The thousands of Canadians participating in 70 all-candidates debates in ridings across Canada reinforces that the environment - and specifically climate change - is a top election issue. Videos of the debates are an important resource for voters still making up their minds before election day and, longer term, are a record of promises made. Voters can review their candidates’ commitments and decide who brought forward the best solutions on key environmental issues before they cast their votes. The video recordings are being compiled at 100debates.ca/debates. A brief recap video can be found here.
University-Rosedale: Organized by ClimateFast, Green11, Trinity St. Paul's United Church and the University of Toronto Student Union. Candidates: Chrystia Freeland (LPC), Tim Grant (GPC), and Nicole Robicheau (NDP).
Notable candidates who participated include Deputy Prime Minister Chrystia Freeland (LPC) (see video of Minister Freeland speaking about the value of the debates here), Minister of Environment and Climate Change Minister Jonathan Wilkinson (LPC), Party Leader Annamie Paul (GPC), Avi Lewis (NDP), and Shadow Minister for the Environment and Climate Change Dan Albas (CPC). In total, 69 debates have taken place, with the final one tonight in Northumberland-Peterborough South (registration here). The debates took place in 8 provinces - Alberta, British Columbia, Manitoba, New Brunswick, Newfoundland and Labrador, Nova Scotia, Ontario, and Québec. Each debate was organized by a local group from within the riding and coordinated by GreenPAC. The data received to date indicate the 70 debates attracted in excess of 6,000 live viewers. Already the online videos have accumulated thousands of views. Of the 178 candidates that participated in the 54 reported debates, 42 were incumbent MPs, 48 were Liberal, 12 were Conservative, 47 were Green and 52 were NDP. "By stepping up to organize 70 debates on the environment in the middle of a pandemic and the summer, Canadians have demonstrated exactly how much they care about this top issue," stated Sarah Van Exan, GreenPAC's Executive Director. She also observed, "Groups in many more ridings had hoped to organize debates, but the snap election timelines filled with tight candidate schedules, televised debates, religious holidays, lack of access to public meeting places and back-to-school dates were just too challenging."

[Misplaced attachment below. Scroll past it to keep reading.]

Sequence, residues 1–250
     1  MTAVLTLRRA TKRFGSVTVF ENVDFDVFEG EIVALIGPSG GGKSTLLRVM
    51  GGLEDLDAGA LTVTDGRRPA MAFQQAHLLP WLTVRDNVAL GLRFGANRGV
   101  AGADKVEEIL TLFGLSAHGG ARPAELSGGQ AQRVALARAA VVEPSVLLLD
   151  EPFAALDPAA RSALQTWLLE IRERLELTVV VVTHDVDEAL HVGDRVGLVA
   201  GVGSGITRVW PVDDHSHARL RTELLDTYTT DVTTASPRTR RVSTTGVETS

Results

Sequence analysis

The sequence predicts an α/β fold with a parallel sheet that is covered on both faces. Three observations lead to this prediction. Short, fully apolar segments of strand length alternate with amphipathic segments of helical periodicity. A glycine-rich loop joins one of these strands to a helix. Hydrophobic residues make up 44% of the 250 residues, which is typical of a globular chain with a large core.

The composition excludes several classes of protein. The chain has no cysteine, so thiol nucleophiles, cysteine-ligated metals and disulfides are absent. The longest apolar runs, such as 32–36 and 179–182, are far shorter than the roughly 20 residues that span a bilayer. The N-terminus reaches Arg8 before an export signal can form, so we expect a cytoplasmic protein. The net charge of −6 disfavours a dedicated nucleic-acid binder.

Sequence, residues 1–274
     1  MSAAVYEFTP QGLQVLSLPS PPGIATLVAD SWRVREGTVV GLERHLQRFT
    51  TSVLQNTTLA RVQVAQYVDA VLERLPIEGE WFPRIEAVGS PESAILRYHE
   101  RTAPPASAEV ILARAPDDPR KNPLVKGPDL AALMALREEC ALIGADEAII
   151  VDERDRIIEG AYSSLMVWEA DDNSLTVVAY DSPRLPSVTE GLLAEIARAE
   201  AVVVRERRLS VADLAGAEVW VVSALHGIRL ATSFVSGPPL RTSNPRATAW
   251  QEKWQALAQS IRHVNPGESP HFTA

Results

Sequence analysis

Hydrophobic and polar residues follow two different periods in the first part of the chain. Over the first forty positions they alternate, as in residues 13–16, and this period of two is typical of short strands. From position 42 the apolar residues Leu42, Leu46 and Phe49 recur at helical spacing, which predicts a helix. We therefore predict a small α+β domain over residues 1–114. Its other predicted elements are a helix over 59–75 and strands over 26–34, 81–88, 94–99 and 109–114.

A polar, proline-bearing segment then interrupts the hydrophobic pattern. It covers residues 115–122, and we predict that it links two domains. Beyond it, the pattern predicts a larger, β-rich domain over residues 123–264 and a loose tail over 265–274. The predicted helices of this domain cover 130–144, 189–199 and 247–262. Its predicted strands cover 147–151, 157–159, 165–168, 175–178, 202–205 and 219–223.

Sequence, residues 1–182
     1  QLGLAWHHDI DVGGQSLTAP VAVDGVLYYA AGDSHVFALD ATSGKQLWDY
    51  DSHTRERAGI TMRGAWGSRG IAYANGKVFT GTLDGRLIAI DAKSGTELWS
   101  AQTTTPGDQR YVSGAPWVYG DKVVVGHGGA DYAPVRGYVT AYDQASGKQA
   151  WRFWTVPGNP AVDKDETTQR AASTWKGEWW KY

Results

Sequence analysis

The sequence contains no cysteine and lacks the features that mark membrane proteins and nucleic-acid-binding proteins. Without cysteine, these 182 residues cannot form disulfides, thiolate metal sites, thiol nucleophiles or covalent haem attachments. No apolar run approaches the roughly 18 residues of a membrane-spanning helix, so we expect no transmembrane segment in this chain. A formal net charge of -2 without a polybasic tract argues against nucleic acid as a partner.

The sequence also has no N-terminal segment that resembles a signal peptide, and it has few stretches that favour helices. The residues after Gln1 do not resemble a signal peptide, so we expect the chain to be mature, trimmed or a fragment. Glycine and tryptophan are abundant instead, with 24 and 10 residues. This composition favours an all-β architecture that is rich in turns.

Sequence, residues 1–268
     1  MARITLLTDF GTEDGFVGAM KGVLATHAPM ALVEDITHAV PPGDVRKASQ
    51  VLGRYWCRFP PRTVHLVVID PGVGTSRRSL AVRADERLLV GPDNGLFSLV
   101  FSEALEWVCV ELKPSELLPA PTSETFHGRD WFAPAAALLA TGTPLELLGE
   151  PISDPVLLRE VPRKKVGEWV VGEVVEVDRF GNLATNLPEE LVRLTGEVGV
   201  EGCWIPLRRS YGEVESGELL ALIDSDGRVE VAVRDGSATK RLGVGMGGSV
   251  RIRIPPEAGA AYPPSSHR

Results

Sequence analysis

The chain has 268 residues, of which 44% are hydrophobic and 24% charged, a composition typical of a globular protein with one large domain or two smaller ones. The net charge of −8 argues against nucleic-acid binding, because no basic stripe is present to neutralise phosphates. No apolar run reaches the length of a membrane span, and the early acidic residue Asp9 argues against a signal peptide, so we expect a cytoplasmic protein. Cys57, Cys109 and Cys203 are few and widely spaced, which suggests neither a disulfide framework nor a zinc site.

"While we did see a couple of innovative in-person debates, including one that took place as part of orientation at the University of New Brunswick, the vast majority have been online. " said Sarah Van Exan, GreenPAC's Executive Director. "Online debates have a different dynamic, but participants also said they resulted in more focused, detailed and cordial responses on how candidates plan to lead on the environment. The videos are up to help inform voters who missed the debates and they will remain online so constituents can hold those elected accountable for their commitments." In the 2019 federal election, eighty-seven out of 411 candidates who participated in 104 Debates on the Environment were elected to the House of Commons.